After 21 years serving women in a converted house, Life Choices of North Central Louisiana is meeting needs in a 7,000-square foot medical complex. While the setting has markedly changed, the life-saving mission is carrying on full-steam ahead.
Located in Ruston, a town of about 20,000 people along Interstate 20, Life Choices cut the ribbon on its new location April 6, serving student populations at Louisiana Tech and nearby Grambling State University.
Reaching students at those two institution is a priority for Life Choices, says executive director Kathleen Richard.
“As a whole, pregnancy centers have to change generationally,” Richard said. “We offer a lot of services to our clients that live in generational poverty and generational single parenting, but we also want to be relevant to our campus millennials who go to a doctor’s office for health care, who are skeptical and have to research everything.”
The center’s new location is a five minute drive from Louisiana Tech and 15 minutes away from Grambling State, but its main benefit has to do with its surroundings as part of a medical complex, with a major hospital nearby and a large clinic across the street.
Richard is looking forward to seeing how the site helps Life Choices reach more clients than ever before.
With three separate suites, all connected but each with its own client entrance, Life Choices has more than enough room to host classes, operate its ultrasound and run its material assistance boutique.
“We have one main hub of health care in our city, and it’s right across the street,” Richard said. “So, we have credibility already for being in that hub. We’ve had to change with the millennial shift if we want to be relevant on our campuses.”
As Life Choices has grown over the past three years, space was running thin in its former location, which had been on loan to the center from a local church for over two decades.
“That house was a gift,” Richard said. “The home was free and it was warm and inviting, but as the staff grew, things started to get tight. And, we weren’t staying connected and relevant to our campuses. I approached the board three or four years ago (about a new site). We started praying and I started looking. This is beyond all of us, and what a journey it has been.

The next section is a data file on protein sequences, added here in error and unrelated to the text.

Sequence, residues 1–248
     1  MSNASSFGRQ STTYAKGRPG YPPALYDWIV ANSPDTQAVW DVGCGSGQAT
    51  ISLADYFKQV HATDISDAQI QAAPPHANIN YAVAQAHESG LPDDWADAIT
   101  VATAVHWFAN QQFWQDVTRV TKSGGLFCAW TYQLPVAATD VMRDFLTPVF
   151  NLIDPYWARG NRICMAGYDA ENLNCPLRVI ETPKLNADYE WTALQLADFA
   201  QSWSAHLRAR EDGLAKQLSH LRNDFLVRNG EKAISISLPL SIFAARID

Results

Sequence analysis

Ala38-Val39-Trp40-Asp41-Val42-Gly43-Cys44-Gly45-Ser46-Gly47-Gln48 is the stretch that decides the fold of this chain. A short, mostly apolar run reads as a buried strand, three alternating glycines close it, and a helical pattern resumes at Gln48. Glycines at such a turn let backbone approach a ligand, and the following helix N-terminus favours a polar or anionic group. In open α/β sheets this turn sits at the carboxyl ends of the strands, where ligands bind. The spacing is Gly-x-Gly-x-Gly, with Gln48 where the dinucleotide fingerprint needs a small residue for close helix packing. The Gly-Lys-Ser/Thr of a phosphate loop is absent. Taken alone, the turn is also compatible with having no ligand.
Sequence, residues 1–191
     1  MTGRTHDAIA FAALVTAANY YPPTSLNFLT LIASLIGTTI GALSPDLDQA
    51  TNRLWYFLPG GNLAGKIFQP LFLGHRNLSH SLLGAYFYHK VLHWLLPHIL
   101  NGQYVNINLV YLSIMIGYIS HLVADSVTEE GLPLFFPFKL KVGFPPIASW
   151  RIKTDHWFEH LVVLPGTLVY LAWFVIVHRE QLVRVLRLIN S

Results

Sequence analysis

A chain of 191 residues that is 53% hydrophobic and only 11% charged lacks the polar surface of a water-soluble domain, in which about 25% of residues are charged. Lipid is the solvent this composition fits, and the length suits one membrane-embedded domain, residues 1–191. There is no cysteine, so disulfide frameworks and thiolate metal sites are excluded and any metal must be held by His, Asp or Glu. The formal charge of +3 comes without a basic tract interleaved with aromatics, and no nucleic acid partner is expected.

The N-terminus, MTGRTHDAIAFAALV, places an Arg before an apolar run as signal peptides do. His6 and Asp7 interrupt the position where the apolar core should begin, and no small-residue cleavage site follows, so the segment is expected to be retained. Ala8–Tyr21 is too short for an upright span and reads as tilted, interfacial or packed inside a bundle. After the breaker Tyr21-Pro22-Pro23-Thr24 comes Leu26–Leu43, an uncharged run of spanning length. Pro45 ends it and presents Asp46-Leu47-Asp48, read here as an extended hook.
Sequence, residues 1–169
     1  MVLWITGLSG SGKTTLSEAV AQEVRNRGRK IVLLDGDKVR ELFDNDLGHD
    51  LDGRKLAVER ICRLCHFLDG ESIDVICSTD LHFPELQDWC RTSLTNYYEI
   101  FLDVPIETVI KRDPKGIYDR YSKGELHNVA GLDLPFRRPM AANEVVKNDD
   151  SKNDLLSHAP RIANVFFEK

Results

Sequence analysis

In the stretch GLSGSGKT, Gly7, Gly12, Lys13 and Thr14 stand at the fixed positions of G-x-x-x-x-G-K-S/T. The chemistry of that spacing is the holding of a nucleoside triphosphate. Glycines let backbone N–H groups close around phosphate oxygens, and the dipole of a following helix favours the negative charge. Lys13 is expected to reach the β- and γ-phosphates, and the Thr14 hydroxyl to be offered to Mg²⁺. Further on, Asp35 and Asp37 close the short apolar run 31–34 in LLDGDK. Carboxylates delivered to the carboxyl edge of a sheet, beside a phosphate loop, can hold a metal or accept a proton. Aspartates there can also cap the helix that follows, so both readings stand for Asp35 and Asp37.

“I went to the Board and said, ‘We need to be keeping our eyes open and diligent about this process.’ The way we were growing, how tight everything was becoming, and the building we were in was showing its age—we needed a larger space.”
After visiting pregnancy centers in different states and looking at various properties to which Life Choices could move, Richard had developed a firm vision of what her center could be and do in a new location.
Then, in March 2016, her husband brought the location’s availability to her attention. By April, Life Choices had closed on the new location and was making plans to start renovation in November, leading up to the ribbon-cutting a year later.
“We’ve never had a note before,” Richard said. “I’d been saving since I became the director eight years ago. We were able to pay a down payment and the renovations. My vision is to pay the note off in five years or so.”
After the reconstruction, Richard and her team acted quickly to complete the move from their former location. The organization’s annual banquet was held March 7. The original location closed on March 9 and services at the new building began March 15.
Donna Hutto Edwards, wife of Louisiana Gov. John Bel Edwards, also made an impromptu visit to the center the week they started serving clients in the new location.
Life Choices’ sprawling new facility gives the organization room to add to its suite of services that already include free pregnancy testing, ultrasound services, parenting—including fatherhood—programs and a materials boutique.
Next up on Richard’s radar is to start offering hands-on training for basics like job skills and cooking to fill gaps in many of her clients’ skill sets. Life Choices, which serves as many as 650 individuals per year, is also looking at tacking on STD/STI testing to better reach the college community.
“We want to look professional but also warm and inviting, a cross between a doctor’s office and a coffee shop,” Richard said. “The center needs to look (to clients) like ‘I belong here,’ giving that professional ‘you can trust us’ feel. We want to serve this generation and we want to serve them well.”